Fresh Mint: A Vibrant & Flavorful Herb
Mint comes in hundreds of varieties, many more than Life Savers, Altoids, and toothpaste flavors combined. What they all have in common is menthol, a component of the volatile oil that gives the plant its characteristic smell and flavor. The two kinds usually available to us, both of which grow abundantly in this country, are peppermint and spearmint. Of the two, peppermint has more menthol and consequently more of what we think of as mint flavor.
The plant itself is aggressively perennial. If you plant it in the garden, your challenge will be containing it, not growing it. Fortunately, its hardiness extends to its post-harvest life; mint stays fresh in the refrigerator much longer than other herbs - in mint condition, so to speak.
In the store, fresh mint often comes in bunches as big as a grapefruit, which can be a problem if you only need a lime-size amount. But the herb freezes well - chop it up, add enough water to form a paste, and freeze it in ice cube trays, and you'll have ready-to-go mint for months.
Don't just think of mint as being limited to drinks such as juleps and iced tea. Substituting it for basil, oregano, parsley, or cilantro can give a soup, sauce, salad, or stew a newly minted personality.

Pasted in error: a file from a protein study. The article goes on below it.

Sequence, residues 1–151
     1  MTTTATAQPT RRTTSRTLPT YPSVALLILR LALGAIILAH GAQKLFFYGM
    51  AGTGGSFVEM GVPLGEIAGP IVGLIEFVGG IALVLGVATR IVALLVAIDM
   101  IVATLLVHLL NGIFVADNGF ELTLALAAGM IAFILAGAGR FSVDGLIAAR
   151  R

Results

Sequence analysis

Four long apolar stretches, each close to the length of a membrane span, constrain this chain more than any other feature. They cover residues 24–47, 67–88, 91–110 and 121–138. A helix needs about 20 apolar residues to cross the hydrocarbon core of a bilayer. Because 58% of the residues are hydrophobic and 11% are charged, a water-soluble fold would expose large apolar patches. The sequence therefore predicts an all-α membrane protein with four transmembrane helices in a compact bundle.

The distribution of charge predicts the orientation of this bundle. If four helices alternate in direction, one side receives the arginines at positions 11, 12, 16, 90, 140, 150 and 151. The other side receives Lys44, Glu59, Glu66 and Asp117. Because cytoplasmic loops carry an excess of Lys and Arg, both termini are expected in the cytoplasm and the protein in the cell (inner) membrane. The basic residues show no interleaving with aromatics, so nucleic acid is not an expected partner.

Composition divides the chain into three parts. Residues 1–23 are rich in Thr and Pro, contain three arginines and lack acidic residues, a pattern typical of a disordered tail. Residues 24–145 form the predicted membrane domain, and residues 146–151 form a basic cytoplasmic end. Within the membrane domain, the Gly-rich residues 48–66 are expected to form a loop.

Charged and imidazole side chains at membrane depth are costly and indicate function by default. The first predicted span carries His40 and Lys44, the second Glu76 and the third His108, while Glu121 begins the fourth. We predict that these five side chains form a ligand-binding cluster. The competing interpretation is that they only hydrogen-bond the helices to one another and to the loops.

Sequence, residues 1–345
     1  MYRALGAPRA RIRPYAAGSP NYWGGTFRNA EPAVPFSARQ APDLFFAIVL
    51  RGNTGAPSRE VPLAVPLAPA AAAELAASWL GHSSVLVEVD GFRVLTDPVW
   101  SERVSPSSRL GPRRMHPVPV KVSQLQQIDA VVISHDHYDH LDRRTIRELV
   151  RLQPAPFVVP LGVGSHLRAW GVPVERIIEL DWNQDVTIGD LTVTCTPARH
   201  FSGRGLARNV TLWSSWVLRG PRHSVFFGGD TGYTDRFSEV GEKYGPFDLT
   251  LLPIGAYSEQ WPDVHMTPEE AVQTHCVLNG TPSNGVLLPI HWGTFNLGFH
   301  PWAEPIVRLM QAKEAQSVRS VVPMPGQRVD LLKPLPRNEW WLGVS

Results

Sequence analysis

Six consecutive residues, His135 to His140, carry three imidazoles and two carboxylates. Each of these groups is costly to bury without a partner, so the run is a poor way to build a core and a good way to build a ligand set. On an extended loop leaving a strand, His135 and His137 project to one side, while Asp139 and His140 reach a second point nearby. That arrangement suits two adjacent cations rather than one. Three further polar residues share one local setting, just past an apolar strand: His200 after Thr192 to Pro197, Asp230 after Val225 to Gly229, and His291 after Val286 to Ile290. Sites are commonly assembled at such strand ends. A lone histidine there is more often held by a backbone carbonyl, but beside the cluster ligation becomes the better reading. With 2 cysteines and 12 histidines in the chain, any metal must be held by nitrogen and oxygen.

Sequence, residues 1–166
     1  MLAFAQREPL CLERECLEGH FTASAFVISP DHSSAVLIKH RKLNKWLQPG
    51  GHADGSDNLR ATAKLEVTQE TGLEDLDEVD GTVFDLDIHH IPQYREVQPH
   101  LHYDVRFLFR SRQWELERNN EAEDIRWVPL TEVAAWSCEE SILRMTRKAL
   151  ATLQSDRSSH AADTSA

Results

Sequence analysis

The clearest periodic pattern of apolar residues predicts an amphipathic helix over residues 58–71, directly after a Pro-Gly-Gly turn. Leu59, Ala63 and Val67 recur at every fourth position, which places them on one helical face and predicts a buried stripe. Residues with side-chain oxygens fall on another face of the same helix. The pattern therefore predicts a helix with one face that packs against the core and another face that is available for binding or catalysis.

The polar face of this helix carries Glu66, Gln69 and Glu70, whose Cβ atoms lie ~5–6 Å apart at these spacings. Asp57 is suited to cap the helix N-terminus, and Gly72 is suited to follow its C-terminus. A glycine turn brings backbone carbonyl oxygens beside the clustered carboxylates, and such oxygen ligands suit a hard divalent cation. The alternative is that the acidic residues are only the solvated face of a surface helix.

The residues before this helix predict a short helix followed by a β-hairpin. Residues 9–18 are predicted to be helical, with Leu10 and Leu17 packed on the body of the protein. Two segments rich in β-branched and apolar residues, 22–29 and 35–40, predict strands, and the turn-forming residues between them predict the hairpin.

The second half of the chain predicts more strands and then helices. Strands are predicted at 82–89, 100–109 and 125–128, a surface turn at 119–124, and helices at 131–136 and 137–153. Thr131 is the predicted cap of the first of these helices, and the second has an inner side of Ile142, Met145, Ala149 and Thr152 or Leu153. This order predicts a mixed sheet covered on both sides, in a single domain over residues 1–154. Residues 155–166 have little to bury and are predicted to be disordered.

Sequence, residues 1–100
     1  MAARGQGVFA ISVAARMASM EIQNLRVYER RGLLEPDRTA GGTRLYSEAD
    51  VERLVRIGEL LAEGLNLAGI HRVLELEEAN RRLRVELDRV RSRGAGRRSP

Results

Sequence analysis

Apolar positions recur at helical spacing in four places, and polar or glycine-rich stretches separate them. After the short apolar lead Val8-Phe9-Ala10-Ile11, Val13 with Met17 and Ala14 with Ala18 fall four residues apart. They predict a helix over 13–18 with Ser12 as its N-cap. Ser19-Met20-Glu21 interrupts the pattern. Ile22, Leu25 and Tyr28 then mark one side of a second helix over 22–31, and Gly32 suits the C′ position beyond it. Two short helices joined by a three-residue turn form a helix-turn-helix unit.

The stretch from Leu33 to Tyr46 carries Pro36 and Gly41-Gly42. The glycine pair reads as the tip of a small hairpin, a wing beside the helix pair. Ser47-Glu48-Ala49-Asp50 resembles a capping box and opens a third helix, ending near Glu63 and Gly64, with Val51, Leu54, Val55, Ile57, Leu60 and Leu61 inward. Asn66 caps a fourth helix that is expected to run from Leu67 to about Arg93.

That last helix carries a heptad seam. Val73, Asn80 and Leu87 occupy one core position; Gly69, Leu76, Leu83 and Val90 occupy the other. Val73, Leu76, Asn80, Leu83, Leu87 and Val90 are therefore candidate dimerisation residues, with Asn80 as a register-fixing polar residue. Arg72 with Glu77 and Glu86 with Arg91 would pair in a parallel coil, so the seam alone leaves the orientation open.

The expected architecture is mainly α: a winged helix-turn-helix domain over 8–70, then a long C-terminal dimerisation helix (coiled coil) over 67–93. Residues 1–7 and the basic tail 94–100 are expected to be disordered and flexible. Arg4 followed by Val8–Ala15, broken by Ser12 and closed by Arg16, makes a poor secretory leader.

- Zest up your favorite herbal tea by steeping it with a few mint leaves.
- Dress up tahini paste by adding mint and minced garlic.
- Add chopped mint to fruit soup or sorbet.
- Mint and lamb are a classic combination. Try marinating lamb overnight in a mixture of red wine, olive oil, garlic, and mint leaves.
- Add a few mint leaves to a simple green salad.
- Add finely chopped mint to cubed pineapple (you can even use canned), and flavor it with coconut milk or rum (or both).
- Make a simple raita by adding chopped cucumber and chopped mint to plain yogurt. Refrigerate overnight and serve with roasted vegetables or grilled meat or fish.
- Make an omelet of sautéed mushrooms with mint and a little goat cheese.
- Try a new take on chicken salad with slivered almonds and chopped mint.
The julep has long been misunderstood, perhaps because of its association with hoop-skirted plantation ladies fanning themselves or with Yankee tourists seeking southern comfort at the Kentucky Derby (where mass-produced juleps, squirted from giant vats, taste nothing like the real thing). It is not a sweet, syrupy concoction, nor is it in any way lightweight. It's more like iced tea than anything else in texture and color, and its place in the pantheon of summer refreshers is well-deserved. Traditionally, a julep is served in a silver cup - if you can't scare one up, use a highball glass.
3 sprigs of fresh mint
2 teaspoons water
1 teaspoon cane sugar
2-1/2 ouncess Bourbon
Crushed or shaved ice
Place the mint, sugar and water in a highball glass or silver cup and use a muddler to crush the mint leaves. Fill the glass with ice and pour in the bourbon. Top up the ice and garnish with fresh mint sprigs and a straw.
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